Summers, Harry G. On Strategy: A Critical Analysis of the Vietnam War. Novato (CA): Presidio, 1995. Print. Young, Marilyn Blatt., John J. Fitzgerald, and A. Tom. Grunfeld.
The Vietnam War's Effects on American Society Abstract The Vietnam War had a profound effect on American society. It changed the way we viewed our government, the media, and our Constitutional rights. Because of this shift in perspective, the country was torn apart and yet still came together in new and different ways. The Vietnam War's contraversiality spurred a great many sources of protest, against our government's use of power, how far we could stretch the rights of free expression, and primarily against the violence of the war itself. These changes in the behavior of society have left a lasting mark on our perception and the demand to be informed since that influencial period of social turmoil.
Often referred to as an avant-garde movement at that time, it was a loose assembly of ideas. They believed in creating a better world. Mainly consisting of left-leaning political ideology followers, they had a vision of transforming every aspect of the society through the medium of art, design, architecture, literature, etc. During the early 19th century, Europe was marked by a number of wars and revolutions, it led way and gave birth to different movements including Modernism. Modern day historians conceive, that the movement played an integral role and had a big impact in shaping the modern society we live in.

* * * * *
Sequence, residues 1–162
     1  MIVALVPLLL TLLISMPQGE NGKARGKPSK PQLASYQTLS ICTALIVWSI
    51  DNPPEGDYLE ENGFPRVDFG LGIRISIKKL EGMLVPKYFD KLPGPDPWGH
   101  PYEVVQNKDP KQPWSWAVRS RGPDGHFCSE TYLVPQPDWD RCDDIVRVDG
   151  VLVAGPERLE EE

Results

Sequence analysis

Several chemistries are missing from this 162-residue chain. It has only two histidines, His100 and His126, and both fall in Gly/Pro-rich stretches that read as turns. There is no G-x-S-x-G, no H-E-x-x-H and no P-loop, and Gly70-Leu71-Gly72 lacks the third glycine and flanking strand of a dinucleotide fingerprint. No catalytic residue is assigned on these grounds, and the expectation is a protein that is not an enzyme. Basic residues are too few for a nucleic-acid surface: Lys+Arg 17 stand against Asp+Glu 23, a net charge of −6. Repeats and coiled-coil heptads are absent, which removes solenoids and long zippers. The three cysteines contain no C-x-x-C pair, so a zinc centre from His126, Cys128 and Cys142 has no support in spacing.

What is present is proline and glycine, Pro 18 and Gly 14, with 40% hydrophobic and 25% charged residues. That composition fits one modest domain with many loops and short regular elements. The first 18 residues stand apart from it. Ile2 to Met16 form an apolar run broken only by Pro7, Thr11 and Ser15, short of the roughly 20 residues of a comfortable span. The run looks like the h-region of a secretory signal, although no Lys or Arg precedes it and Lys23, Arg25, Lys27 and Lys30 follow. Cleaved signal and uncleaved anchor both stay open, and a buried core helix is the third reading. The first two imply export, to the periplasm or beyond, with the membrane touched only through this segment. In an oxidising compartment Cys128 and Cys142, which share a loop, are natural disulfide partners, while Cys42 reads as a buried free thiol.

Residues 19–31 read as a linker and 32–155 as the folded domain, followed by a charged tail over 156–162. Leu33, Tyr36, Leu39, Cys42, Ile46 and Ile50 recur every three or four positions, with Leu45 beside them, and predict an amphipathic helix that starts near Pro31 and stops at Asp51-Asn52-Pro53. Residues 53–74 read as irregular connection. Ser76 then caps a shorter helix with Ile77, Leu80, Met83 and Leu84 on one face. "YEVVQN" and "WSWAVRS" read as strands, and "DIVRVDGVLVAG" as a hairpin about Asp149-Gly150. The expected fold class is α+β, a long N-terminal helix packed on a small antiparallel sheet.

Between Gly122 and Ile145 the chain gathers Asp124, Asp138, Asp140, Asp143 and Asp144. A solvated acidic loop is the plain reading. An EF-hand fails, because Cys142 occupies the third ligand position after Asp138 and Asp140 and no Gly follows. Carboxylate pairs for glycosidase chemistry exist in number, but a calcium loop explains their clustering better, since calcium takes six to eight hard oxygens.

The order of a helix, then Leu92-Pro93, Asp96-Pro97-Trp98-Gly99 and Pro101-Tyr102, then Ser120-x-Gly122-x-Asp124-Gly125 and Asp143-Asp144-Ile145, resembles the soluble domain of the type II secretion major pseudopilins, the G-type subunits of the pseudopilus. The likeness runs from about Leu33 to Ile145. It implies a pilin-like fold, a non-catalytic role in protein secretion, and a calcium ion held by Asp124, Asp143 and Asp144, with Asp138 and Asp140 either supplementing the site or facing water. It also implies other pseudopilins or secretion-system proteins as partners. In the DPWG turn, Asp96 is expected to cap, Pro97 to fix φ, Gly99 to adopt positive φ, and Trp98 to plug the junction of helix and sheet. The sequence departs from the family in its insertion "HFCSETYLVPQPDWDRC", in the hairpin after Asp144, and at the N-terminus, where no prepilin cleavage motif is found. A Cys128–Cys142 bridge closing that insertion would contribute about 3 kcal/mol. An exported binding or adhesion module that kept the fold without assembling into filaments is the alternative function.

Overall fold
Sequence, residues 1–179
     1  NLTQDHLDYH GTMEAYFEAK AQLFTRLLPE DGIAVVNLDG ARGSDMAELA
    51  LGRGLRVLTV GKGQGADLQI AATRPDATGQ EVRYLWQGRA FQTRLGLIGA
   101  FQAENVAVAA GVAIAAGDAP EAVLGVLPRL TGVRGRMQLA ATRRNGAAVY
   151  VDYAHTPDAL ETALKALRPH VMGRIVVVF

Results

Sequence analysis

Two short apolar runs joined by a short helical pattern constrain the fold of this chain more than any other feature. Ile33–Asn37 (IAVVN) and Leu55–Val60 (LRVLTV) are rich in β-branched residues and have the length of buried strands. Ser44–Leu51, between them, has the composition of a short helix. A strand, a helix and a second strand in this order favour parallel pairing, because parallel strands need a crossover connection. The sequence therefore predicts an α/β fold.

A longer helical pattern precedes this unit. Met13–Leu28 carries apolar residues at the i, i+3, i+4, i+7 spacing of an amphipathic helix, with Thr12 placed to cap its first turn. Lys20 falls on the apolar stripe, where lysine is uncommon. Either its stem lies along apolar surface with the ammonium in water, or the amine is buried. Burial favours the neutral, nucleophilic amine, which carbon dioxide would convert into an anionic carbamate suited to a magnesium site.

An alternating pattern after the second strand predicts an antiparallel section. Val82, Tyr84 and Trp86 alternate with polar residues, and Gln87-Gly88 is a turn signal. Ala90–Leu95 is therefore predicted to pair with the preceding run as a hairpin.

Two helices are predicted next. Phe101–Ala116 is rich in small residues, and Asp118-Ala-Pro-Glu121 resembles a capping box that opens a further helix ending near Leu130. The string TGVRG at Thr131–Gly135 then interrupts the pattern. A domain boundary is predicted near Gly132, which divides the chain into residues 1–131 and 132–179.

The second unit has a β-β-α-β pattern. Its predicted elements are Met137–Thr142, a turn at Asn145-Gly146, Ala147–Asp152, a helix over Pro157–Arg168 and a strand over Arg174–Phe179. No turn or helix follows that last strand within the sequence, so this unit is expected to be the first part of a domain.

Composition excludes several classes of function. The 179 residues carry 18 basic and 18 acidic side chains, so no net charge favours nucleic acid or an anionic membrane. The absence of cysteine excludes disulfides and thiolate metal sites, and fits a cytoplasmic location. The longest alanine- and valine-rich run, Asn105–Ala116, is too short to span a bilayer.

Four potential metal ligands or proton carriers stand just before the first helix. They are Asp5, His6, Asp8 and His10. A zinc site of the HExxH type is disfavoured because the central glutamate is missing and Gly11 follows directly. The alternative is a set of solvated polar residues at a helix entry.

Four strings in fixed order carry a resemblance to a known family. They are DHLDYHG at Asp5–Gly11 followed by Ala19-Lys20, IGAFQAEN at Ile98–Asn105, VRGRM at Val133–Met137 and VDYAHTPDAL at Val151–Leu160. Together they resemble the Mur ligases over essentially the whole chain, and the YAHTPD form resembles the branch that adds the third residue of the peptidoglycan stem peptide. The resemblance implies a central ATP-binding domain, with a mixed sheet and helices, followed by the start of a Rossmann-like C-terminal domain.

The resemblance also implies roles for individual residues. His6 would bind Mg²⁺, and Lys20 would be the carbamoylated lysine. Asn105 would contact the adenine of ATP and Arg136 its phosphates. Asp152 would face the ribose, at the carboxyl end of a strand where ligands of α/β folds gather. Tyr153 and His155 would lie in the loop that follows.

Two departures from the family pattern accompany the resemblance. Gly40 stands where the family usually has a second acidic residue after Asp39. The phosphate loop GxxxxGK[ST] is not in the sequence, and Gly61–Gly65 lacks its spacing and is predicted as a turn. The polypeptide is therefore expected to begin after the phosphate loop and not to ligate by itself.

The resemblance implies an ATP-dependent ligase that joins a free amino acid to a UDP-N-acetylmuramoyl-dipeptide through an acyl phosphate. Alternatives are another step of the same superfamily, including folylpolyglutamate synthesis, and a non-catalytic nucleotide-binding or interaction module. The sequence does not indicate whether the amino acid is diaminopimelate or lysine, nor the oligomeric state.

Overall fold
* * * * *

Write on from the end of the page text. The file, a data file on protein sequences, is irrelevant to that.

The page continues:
Chapter 19 of Liberty, Equality, and Power, asks what the most significant ways in which the ongoing struggle between capital and labor reshaped American society during the late 19th century (Murrin, 523). In response, one of the most important contributions was the introduction of new technologies utilized primarily in factories. This in turn lead to the revolutionizing of production lines, and corporations. This domino effect continued on to spur the birth of unions in the United States, who organized rebellions against corporate power still used today. Finally during this time women underwent a transformation of their civil rights, as well as their role in society.
Each of these revolutions brought many significant changes to a nation’s economy, culture and sociopolitical organization. According to Marxist Communism, revolution is very crucial to change the societies from one historical phase to another and the perception of revolution is an inevitable process in world history. It is a quite aggressive method and often time achieved by bloodshed and violence. It also brings positive and negative changes to a nation. Often time, revolution is caused due to political suppressions, poverty and high unemployment rates, for example, the Tunisian revolution.
Works Cited "Enlightenment." Encyclopædia Britannica. 2010. Encyclopædia Britannica Online. 16 Aug. 2010 .
In the late 1800’s leading up to 1920, reform movements became an integral part within the United States socially, politically and economically. These reform movements were aimed at gradually changing social issues surrounding the economy and the American workforce. During the time after the Civil War, there was great concern for a shaping of a new America. Many of these concerns were shaped around the increasing industrialization and urbanization of the United States after reconstruction ended. Two of the biggest reform movements that helped shape the United States into the unipolar global force it is today revolved around populism and progressivism.
One of many Soviet leaders that changed the path the country was taking. Vladimir Lenin was the political leader after the successful Bolshevik Revolution In 1917. Lenin did many things that changed the path of Russia, renamed the Soviet Union after he seized power in 1917. Lenin was the grand mastermind behind the Bolshevik party and he led the revolution that allowed him to seize power and in turn create a communist state. Lenin then proceeded to create the "New Economic Policy" that led The Soviet Union into an economic uprising, allowing individual businesses to price their own goods and services, also known as capitalism (http://www.bbc.co.uk).